you got it right. It is the latter. However, when we idealise moral agents here we cannot give them special faculties that normal human beings don't have. What we can give them is being in a right epistemic position (which no actual human happened to occupy), information that normal humans could gather, time and resources for inquiry, and so on.

There is a worry with the option 3 about how anti-realist position it would ultimately be. I take it that the motivation for anti-realism is to account for one set of contentious facts in terms of something less contentious. One way the facts that anti-realist uses in such an account can be less contentious is for them to be more easily epistemically accessible. Yet, in the option 3, the 'anti-realist' is accounting for moral facts in terms of mental facts no-one could ever know. At this point, it is questionable whether these facts are any less contentious than the original facts we wanted to give a theory of.


What is that, like, 600 US dollars?

I'm inclined towards option 5. I am worried about in-principle-unknowable facts about what is, e.g., funny. I think I am now leaning on there being some of those now too.

Jussi --

Wrongness and badness can still be generally action-guiding even if there are a few unknowable cases of wrongness or badness that couldn't be action-guiding. So long as we can normally know about, or at least have rational expectations of, the available actions' degree of wrongness, that seems enough to secure the action-guiding character of wrongness.

I have to say that I just don't understand how Crispin Wright's response to Williamson is supposed to work. Suppose that lie412 is bad (all suitably qualified judges agree), and lie413 is not definitely bad (the suitably qualified judges diverge) -- indeed, it's not in any way a mistake to think that lie413 is not bad at all. Then obviously even if it's not a mistake to believe that lie413 is bad, this belief couldn't count as *knowledge* that lie413 is bad. Indeed, this belief wouldn't fall just slightly short of being knowledge -- it falls very far short, almost (if not quite) as far short as believing a proposition that is definitely false. So given how incredibly similar lie412 and lie413 are, surely lie412 is still far too close to these borderline cases to count as knowledge.

I have misgivings about what I gather is a reliabilist assumption behind Williamson's argument (which I haven't read, I'll admit). Reliabilism makes sense for perception, perhaps, but it's not clear that it's plausible for knowledge of all other matters. If we start with an antirealist metaethics according to which the alethic status of moral propositions -is- a function of the intentional attitudes of actual or ideal moral agents, etc., then it's not clear there's anything out there for our perceptual apparatus to "bounce off", so to speak. Thus, I wonder if the reliabilist assumption here is begging the question.

To carry this a step further, if internalism about epistemic justification for our -moral- beliefs is correct, then when we cross from lie412 to lie413, aren't we simply passing from one true justified belief to one false justified belief? How does that mean we lack knowledge concerning lie412? This seems a harmless sort of epistemic luck.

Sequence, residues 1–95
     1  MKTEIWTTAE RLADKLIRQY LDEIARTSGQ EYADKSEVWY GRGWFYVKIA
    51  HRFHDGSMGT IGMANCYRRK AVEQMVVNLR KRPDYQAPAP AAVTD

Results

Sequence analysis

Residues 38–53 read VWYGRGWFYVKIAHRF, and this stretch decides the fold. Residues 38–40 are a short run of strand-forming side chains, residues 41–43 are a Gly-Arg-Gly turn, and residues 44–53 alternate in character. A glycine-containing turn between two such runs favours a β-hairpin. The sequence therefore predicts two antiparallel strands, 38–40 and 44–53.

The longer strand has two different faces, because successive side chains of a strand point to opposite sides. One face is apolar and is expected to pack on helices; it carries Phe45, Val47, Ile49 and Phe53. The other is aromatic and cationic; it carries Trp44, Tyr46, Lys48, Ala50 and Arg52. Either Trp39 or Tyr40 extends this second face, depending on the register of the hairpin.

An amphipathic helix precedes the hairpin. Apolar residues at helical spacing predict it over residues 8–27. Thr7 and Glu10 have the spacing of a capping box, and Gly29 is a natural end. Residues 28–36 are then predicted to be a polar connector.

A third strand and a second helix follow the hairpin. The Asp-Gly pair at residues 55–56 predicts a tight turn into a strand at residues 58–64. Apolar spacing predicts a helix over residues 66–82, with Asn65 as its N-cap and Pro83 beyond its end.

What am I missing here?

John K. Davis

An observation: if we begin at the other end of the sequence, i.e. the neutral-lie end, we will infer from the (x+1)==x rule that all the lies are neutral. This still sets up a reductio conclusion, of course, but the fact that the status of all the lies is diametrically opposite, suggests that our rule of inference is likely faulty. I think we should disallow this premise:

"This reliability, furthermore, requires that in all relevantly similar lying-cases that could easily arise and which ‘one could easily fail to discriminate from the given case, it is true that’ these lies are also bad."

We ought to substitue: "Reliability requires that very similar cases are adjudicated to have very similar status."

...and where the similarity relation, unlike the equality relation, is not transitive.

This is a fairly generic reply to any 'heap' paradox, of course. What's actually interesting about a 'margin of error' argument doesn't seem to hinge on being embedded in a sorites sequence, however. The key issue is whether two cases with _starkly different_ actual moral status, could at the same time be _imperceptibly different_ to a qualified judge.

The (revised) reliability premise says not. And I don't see any problem with constructing cases with arbitrarily similar perceived moral status. Therefore: actual(!) moral status must come in values separated by no more than the margin of error of an ideally-qualified judge.

Apparently, the margin of error argument doesn't tend to show anything about realism or antirealism. Rather, it shows something about the phenomenon that both are addressing.

Pardon my clumsiness: in the penultimate paragraph, please ignore "The (revised) reliability premise says not" and substitute, "An appropriate assumption about knower-reliability would say not." I forgot to add it on mine :-)

Dear all,

sorry for lack of replies. No internet access on weekends... If anyone's still following, here's few thoughts.